Heard of Hitler beetle or Greta spider?

Climate change activist Greta Thunberg   | Photo Credit: Kirsty Wigglesworth

Naming is an interesting prodecure done with scientific precision (and occasionally with scientists having fun!).

For decades now, species have been named after celebrities and popular fictional characters too.

Let’s take a look at some names – from interesting to bizarre!



Greta Thunberg: Synonymous with climate activism, this 17-year-old Swede has at least three creatures named after her in just the last two years - Thunberga greta (huntsman spider); Craspedotropis gretathunbergae (snail); and Nelloptodes gretae (beetle). The beetle seems to have antennae resembling her long pigtail. But scientist Michael Darby says he chose the name because he was “immensely impressed” with her campaigning.

Charles Darwin: Not surprisingly, the naturalist best-known for his contribution to evolution, is among those after whom several species have been named. The number’s a whopping 200-plus species. The list includes everything from bugs and beetles to algae, flies and primates.

David Attenborough in the Netflix documentary

David Attenborough in the Netflix documentary  


David Attenborough: Not less than 25 species and genera (both living and extinct) have been named after this British natural historian and broadcaster. Seems fitting for a person who has been bringing wildlife alive from even the remotest corners of the world through his television series for decades now. Among others, a Mesozoic reptile, an extinct marsupial lion, a 430-million-year-old crustacean fossil, and a fan-throated lizard discovered in India have been named after him.

Barack Obama: Though political leaders have had species named after them, their numbers cannot hold a candle to this former U.S. President’s. He has at least 10 species named after him - a hat-tip to his passion for science - and this includes fossils, birds, spiders, etc.


Michelle Obama: Spintharus michelleobamaae, a “smiley-faced” spider, named after the former U.S. First Lady.

A.P.J. Abdul Kalam: Drypetes kalamii, a small shrub, and Solibacillus kalamii, a microbe discovered on the International Space Station, named after the former Indian President.

Name and fame: Drypetes kalami. Photos: Special Arrangement

Name and fame: Drypetes kalami. Photos: Special Arrangement  


J.R.R. Tolkien: At least two species of wasps, a clam, a crustacean, and a beetle named after this writing genius.

Bagheera: Bagheera kiplingi, a Central American jumping, vegetarian spider, named after Bagheera, the loveable panther in The Jungle Book and the book’s writer.

Heard of Hitler beetle or Greta spider?

Batman: Otocinclus batmani, a South American fish, named after the masked superhero for the bat-shaped vertical spot on its fin.


Adolf Hitler: The blind cave beetle Anophthalmus hitleri is said to have been named by an entomologist with admiration for Hitler. But there are suggestions that naming a blind beetle after the dictator was actually an implicit sign of ridicule. Though we don’t know the truth one way or the other, the poor beetle is paying the price for its association with an infamous tyrant. It has been suffering poaching at the hands of the collectors of items related to Nazi Germany.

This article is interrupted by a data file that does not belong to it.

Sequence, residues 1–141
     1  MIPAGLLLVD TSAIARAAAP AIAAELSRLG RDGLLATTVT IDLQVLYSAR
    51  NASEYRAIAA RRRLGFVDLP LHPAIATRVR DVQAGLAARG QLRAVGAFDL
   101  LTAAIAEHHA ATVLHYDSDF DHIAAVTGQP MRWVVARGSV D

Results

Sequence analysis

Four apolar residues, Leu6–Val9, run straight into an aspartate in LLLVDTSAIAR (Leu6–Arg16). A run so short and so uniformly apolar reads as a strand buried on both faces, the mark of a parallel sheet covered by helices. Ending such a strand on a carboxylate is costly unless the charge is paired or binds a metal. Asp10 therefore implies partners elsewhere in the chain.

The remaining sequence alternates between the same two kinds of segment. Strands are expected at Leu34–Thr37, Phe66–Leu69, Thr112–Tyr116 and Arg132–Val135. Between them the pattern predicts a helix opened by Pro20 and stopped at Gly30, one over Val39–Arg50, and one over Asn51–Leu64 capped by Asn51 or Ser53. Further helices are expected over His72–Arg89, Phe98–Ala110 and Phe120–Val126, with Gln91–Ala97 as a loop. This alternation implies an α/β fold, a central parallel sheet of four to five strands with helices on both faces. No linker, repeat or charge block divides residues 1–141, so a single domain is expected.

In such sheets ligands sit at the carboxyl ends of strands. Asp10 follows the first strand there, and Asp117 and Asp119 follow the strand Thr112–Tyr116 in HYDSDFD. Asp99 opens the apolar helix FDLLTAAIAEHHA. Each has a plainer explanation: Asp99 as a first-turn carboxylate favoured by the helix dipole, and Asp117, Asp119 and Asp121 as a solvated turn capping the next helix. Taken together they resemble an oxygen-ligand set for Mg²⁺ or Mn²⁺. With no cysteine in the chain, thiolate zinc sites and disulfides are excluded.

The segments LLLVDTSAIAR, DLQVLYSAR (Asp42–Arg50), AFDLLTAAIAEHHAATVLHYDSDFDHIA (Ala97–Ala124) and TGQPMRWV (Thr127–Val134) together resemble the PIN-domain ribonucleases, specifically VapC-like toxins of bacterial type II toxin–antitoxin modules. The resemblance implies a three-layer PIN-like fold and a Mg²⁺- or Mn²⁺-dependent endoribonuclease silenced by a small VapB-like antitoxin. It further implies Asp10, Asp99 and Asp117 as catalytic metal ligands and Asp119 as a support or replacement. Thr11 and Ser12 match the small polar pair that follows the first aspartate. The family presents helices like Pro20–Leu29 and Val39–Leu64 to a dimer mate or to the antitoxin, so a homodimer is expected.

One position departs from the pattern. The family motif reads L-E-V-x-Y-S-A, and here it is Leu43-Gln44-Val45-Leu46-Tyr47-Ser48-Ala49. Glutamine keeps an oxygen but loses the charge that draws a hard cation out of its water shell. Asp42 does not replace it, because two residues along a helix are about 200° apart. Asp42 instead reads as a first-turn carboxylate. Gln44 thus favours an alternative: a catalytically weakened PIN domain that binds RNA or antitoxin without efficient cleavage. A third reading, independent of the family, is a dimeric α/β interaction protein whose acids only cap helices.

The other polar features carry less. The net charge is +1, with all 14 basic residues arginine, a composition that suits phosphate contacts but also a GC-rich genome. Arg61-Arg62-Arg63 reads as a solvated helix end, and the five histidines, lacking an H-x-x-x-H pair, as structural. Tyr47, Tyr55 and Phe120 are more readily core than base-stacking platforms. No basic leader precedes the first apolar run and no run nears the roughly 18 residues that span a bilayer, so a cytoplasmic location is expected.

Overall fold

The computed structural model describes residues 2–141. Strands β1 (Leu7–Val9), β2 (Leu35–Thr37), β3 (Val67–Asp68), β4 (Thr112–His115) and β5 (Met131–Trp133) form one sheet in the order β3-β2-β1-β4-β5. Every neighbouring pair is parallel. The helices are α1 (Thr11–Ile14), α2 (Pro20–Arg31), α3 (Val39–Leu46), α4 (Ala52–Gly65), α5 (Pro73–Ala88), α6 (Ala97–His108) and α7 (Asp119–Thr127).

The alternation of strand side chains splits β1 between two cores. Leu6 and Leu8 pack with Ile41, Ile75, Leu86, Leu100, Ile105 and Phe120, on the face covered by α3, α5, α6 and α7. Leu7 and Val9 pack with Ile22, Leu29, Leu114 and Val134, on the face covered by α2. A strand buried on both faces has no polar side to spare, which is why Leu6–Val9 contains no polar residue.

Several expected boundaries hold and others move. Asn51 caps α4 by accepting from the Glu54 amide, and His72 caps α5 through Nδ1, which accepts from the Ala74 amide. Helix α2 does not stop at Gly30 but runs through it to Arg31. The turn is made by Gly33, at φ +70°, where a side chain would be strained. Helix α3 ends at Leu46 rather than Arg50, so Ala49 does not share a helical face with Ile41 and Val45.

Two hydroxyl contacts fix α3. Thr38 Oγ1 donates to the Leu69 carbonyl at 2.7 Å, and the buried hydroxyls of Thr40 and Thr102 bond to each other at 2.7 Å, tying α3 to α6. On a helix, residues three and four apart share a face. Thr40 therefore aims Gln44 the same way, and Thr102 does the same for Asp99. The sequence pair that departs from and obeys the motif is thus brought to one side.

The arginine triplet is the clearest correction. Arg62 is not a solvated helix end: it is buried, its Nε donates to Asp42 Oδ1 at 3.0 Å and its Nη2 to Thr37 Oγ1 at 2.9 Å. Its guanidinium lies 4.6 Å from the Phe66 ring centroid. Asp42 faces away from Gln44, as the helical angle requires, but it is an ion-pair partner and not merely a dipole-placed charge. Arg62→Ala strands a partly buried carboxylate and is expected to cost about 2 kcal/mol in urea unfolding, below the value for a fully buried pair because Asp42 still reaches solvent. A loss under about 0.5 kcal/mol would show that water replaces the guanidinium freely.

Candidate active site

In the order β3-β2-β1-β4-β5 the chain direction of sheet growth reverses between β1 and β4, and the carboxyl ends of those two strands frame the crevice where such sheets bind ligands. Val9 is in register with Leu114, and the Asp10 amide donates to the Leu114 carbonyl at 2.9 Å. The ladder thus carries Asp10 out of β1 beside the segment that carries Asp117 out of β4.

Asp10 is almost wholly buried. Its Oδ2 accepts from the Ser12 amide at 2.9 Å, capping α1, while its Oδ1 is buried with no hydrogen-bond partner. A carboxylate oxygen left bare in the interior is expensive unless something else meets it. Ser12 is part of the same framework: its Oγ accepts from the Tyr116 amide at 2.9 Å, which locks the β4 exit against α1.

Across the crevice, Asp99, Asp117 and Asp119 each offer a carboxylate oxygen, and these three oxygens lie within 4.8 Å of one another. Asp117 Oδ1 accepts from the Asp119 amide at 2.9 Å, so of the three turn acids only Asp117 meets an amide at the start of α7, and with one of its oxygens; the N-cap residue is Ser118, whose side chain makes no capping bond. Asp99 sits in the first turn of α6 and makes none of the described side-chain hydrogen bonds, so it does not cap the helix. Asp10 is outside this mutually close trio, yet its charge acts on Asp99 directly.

Fantastic names and where they came from

In an unusual case of fiction inspiring reality, several species have been named after characters from the iconic Harry Potter series. The latest to join the list is a new species of venomous pit viper found in the Himalayas. It has been named Trimeresurus salazar (the Salazar’s pit viper) after Salazar Slytherin, the founder of Slytherin house and one who can speak Parseltongue, the language of snakes.

A few other Harry Potter inspirations include Eriovixia gryffindori (a spider discovered in the Western Ghats and resembling the sorting hat owned by Godric Gryffindor); Harryplax severus (a secretive crab named after Hogwarts teacher Severus Snape, who carried a secret to death himself); and Ampulex dementor (a parasitic wasp that injects venom into cockroaches and turning them into zombies, similar to how dementors suck the soul out of their targets).

How to name it

Researchers or scientists who chance upon a new species have the liberty to give it a new (scientific) name of their choice. Usually, species are named to honour another respected scientist or someone they’re close to. Naming a species after oneself is frowned upon within the community and could be seen as arrogance or being in poor taste.

Species are also named after the place they are found in or for their characteristics or resemblance to someone or something else. This is where celebrities and fictional characters come in. It is hoped that having a popular name would give the species more attention and interest than it would otherwise.

Here’s an example. When a threatened moth species was named Neopalpa donaldtrumpi after Donald Trump, it was not only for its resemblance to the U.S. President’s hairdo but also “to bring wider public attention to the need to continue protecting fragile habitats in the US that still contain many undescribed species”.

Did you know?

J. Vijaya is India’s first woman herpetologist. Uncommon for women during the 1980s, she travelled the country widely for research. She also studied extensively the forest cane turtle (back then called Heosemys silvatica). In 1987, aged only 28, she was found dead in a forest. In 2006 - 19 years after her death - the cane turtle was renamed Vijayachelys silvatica. This is a “monotypic” genus, meaning it’s one of a kind. Perhaps the same can be said of Vijaya too.

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Printable version | Dec 5, 2020 11:42:47 AM |

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